As part of that post, I reviewed the work of Denis Lamoureux, Associate Professor of Science and Religion at the University of Alberta in Canada, based on some online slideshow teachings he has produced.
I have now read his book on the same subject. What’s it like?
I have been considering the implications of Peter Enns’ suggestion that, in the light of the evidence, we should understand the Old Testament differently than we have done in the past. In a comment on the post Interpreting the Old Testament, Brisancian has asked a number of questions about how we can know what’s true.
I thought the questions were important enough to answer in a new post. Quotes from Brisancian’s questions are shown as blockquotes.
Last post I looked at how some studies show that many christians are prejudiced towards groups such as gays, atheists and Muslims, and are less likely than other people to show love to members of these groups.
Jesus told his followers, quite definitely, to love their enemies, and warned them against hatred. Yet today, the public image of christians is somewhat tarnished – some christians are seen to be loving and caring, but others are seen to be prejudiced and intolerant, especially towards groups like gays and Muslims.
I originally wrote this post shortly after bushfires near Sydney destroyed 200 homes and took 2 lives. But since then, Typhoon Haiyan has caused much havoc, hardship and loss of life in the Philippines, totally dwarfing the bushfires.
But whether it is the fires or the typhoon, their ferocity and the apparent randomness of the destruction lead us to ask questions about God …..
Last post I blogged about atheists at US universities, many of whom grew up in ‘fundamentalist’ churches. This post, we look at conservative christians who went through a period of examining their faith, but chose to continue to believe in Jesus, albeit their beliefs about God changed somewhat.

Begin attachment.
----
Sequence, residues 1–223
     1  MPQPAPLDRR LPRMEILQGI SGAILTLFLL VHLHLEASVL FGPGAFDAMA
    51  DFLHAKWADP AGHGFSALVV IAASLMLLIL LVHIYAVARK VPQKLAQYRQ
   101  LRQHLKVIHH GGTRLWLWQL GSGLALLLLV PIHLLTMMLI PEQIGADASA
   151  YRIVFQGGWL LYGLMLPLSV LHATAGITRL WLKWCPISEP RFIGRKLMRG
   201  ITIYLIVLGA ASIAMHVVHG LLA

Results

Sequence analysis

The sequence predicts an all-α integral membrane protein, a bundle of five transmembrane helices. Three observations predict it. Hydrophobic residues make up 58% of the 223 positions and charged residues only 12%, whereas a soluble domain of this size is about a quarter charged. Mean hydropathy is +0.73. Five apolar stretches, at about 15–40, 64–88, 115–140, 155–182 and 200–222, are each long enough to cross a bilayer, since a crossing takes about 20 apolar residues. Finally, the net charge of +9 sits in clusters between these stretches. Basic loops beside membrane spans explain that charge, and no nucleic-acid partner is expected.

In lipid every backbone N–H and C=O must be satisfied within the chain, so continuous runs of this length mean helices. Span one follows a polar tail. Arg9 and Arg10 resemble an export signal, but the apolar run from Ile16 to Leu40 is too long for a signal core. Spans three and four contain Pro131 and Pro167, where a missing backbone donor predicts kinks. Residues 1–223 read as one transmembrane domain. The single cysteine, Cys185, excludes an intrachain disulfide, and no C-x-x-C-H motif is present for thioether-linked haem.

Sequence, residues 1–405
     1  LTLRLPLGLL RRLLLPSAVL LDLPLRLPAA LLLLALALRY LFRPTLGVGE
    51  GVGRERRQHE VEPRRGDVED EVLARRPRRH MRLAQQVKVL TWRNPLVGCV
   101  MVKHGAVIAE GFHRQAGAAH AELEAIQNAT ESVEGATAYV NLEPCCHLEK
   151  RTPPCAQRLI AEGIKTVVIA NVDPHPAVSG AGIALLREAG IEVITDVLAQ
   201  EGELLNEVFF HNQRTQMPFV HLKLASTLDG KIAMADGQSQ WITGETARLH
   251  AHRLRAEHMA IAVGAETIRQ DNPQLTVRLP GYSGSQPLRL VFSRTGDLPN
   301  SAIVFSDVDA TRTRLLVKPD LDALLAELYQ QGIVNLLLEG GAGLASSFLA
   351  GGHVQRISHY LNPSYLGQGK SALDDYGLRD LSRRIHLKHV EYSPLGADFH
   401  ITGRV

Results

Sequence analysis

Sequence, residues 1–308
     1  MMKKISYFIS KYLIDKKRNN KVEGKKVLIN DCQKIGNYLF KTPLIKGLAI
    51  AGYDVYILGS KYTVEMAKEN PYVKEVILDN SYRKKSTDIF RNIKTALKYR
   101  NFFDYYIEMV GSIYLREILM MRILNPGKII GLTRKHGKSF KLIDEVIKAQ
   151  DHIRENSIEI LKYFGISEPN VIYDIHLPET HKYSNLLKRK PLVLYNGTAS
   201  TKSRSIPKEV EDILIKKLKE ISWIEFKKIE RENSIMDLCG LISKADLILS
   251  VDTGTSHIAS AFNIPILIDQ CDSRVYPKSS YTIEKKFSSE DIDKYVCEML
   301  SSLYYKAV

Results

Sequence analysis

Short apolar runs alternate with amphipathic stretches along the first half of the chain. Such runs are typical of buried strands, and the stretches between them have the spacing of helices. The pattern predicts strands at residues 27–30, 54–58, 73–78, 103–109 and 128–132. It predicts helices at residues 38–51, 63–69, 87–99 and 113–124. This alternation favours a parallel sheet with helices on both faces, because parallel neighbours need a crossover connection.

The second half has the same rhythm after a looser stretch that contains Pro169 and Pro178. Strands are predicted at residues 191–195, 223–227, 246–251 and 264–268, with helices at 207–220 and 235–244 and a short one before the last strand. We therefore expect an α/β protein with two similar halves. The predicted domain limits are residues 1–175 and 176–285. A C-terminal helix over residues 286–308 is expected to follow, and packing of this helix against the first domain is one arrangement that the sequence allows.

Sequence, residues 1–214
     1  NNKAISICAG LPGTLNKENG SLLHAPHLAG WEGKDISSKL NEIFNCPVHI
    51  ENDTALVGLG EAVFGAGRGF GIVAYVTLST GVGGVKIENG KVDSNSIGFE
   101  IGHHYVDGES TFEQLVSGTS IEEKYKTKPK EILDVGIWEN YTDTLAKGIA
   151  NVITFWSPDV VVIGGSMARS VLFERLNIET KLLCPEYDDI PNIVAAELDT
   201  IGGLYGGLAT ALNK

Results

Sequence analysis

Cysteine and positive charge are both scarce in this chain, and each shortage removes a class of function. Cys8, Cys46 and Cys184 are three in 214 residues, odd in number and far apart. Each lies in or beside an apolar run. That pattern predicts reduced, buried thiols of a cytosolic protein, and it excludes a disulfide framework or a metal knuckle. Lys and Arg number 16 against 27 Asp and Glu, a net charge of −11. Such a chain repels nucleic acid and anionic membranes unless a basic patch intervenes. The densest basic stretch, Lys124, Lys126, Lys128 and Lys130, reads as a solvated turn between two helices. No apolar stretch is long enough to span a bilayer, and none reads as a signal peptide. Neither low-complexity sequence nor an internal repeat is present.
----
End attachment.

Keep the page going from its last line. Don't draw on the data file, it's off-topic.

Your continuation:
Recently I posted on Rob Bell and some of the ways he gets up the noses of many conventional christians. One of the biggest furores was caused by his book, Love Wins, which hinted at universalism – that everyone, regardless of belief now, would turn to God in the next life.
Most of us doubt our faith at some time, and it isn’t much fun. Tim Keller said: “Believers should acknowledge and wrestle with doubts”. But the book of James says a person who doubts is “like a wave of the sea, blown and tossed by the wind.” (James 1:7). How do these things fit together?
I imagine we all have doubts about all sorts of things we think are true, whether it is religious belief, politics, personal relationships or other choices we make. For many christians, especially those raised in christian families, adult life requires many aspects of belief to be re-considered.
It is a circular argument, but it has been made often, from David Hume down to present day sceptics. There is no believable evidence for genuine miraculous healings, they say. But what about all the stories of people being healed? We know they can’t be true, they say, because no-one has ever shown scientifically that healing can occur.
So New Testament scholar Craig Keener decided to break the circle.
There are a number of things about our world, and about the christian faith, that seem hard to explain if God is loving – for example, the pain and suffering people experience, hell, the commands in the Old Testament to kill and even wipe out whole tribes and God’s disapproval of homosexuality.